Under the agreement, the city reserves the right to renew its demolition-by-neglect complaint or take other actions if the Boomerang ownership fails to make the remedies by the deadlines. 

The city would have several options to pursue, according to Assistant Attorney Kate Johnson, if compliance is not satisfactory. Those include the city’s filing a lien on the property and making the repairs itself or prosecuting the demolition-by-neglect charge against the ownership, which could result in fines imposed by a municipal judge. The harshest penalty could come from the Historic Preservation Commission, which has the authority to prohibit the current ownership or its successors from obtaining a building permit for up to 10 years.  

“While the City’s response to non-compliance will likely depend upon the facts of any given situation, I anticipate that we would evaluate the several options available to the City.  Our goal will be to obtain compliance by the Owner,” Johnson said in an email to the Aspen Daily News. 

The demolition-by-neglect complaint was filed on Aug. 16, after city planning and building officials, attorneys and electrical inspectors inspected the Boomerang property twice earlier this year. 

The first inspection, on March 13, revealed “numerous instances of deterioration” that were forwarded to the Aspen Historic Preservation Commission, which in turn on June 28 submitted a “demolition-by-neglect” petition to the chief building official, triggering a second property inspection on July 18, according to this week’s agreement.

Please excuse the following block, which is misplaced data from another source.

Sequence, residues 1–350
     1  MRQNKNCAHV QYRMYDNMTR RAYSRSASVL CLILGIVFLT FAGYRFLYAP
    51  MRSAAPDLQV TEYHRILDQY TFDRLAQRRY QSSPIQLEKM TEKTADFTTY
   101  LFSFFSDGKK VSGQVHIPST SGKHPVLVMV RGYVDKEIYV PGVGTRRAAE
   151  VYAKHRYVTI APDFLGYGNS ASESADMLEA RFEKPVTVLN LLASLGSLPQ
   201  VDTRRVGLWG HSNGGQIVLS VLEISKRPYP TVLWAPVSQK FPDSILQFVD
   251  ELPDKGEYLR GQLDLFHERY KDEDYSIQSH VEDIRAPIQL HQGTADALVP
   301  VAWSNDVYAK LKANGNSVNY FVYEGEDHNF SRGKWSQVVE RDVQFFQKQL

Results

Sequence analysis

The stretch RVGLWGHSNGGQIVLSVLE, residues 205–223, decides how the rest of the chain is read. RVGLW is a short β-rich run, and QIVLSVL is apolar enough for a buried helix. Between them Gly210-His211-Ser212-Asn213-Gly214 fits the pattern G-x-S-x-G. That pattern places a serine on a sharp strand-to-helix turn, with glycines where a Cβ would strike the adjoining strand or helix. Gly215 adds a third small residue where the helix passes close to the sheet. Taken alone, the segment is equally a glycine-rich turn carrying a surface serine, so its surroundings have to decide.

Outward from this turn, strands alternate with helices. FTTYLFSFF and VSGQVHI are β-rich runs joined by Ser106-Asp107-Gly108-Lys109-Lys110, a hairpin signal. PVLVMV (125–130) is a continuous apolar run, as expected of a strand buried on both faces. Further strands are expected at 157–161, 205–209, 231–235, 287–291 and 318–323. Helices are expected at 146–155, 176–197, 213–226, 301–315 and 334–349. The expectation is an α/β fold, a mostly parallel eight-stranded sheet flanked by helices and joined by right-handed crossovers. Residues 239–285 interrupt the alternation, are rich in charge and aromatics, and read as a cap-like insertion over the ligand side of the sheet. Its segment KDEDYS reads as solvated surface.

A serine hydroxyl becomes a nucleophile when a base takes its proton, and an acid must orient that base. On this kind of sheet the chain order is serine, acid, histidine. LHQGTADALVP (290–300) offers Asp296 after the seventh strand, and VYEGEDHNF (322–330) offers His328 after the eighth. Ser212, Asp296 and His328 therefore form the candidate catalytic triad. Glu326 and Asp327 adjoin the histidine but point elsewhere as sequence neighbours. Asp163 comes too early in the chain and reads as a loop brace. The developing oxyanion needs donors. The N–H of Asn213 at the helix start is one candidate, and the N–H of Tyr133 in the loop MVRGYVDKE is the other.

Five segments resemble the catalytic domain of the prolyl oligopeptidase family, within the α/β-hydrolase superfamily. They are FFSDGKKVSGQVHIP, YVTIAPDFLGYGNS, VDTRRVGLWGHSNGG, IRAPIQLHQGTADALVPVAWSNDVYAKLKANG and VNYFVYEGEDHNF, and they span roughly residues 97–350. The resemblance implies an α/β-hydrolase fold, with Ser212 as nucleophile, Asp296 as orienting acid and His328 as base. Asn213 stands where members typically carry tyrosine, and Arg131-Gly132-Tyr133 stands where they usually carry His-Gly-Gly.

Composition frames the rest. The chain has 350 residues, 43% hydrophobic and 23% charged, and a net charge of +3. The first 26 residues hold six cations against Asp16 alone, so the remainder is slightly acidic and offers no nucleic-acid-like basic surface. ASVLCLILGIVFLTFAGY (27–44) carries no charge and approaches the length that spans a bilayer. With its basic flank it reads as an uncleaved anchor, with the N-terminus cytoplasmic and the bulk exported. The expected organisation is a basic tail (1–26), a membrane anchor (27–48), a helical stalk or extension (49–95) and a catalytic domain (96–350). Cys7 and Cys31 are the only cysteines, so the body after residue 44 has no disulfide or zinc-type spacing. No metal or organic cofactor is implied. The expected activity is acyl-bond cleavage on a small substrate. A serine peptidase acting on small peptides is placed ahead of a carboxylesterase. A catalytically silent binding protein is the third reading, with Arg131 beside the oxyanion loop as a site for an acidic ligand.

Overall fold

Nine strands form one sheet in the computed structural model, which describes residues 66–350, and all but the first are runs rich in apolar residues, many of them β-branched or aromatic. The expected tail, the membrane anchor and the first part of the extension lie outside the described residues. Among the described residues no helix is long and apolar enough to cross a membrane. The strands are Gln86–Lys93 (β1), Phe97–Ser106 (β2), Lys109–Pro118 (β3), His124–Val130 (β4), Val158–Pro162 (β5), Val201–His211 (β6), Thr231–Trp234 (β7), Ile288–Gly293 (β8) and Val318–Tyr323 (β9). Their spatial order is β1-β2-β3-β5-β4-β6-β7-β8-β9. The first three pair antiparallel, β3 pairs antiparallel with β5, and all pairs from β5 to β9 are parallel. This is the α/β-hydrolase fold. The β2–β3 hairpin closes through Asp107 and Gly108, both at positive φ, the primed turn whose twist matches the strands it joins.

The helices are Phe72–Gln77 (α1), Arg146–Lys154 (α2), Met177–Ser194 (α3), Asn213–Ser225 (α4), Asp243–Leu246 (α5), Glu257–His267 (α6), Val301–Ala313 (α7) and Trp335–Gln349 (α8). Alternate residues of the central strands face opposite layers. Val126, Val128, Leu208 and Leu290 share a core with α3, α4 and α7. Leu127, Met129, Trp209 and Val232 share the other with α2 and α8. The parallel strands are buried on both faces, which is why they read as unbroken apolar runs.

Boomerang ownership was represented at the July inspection as well as an outside structural engineer retained by the city. A report based on an inspection of the property in October by a Hunt-hired firm “concurred with the City on many of the repair recommendations for the property,” the agreement said. 

“These repairs are to be undertaken with the goal of comprehensively identifying and arresting deterioration caused by water infiltration, securing the site from trespassers, and making it clear that the site is under active supervision and care,” the agreement said. 

Hunt’s Hopkins & Fourth LLC acquired the Boomerang Lodge for $10 million in June 2018, after previous ownerships’ plans for the property did not materialize. The lodge closed after the founders and owners of the Boomerang Lodge, Charles and Fonda Paterson, sold it in 2005 after running it for 50 years. The Boomerang Lodge was one of Aspen’s original ski hotels. 

Subsequent ownership (not Hunt’s group) preserved the lodge’s historic entry and public areas, including the swimming pool. The rest of the building’s west side was demolished in the spring of 2007.

The 27,000-square-foot Boomerang parcel is located on the 500 block of West Hopkins Avenue. Hunt has previously said plans for the property could be a mix of duplexes and single-family homes totaling no more than 500 units. Hunt did not respond to a question about his current plans for the property. Hunt’s M Development has not filed a land-use application for the property.

 

By: Rick Carroll I Aspen Daily News I December 7, 2023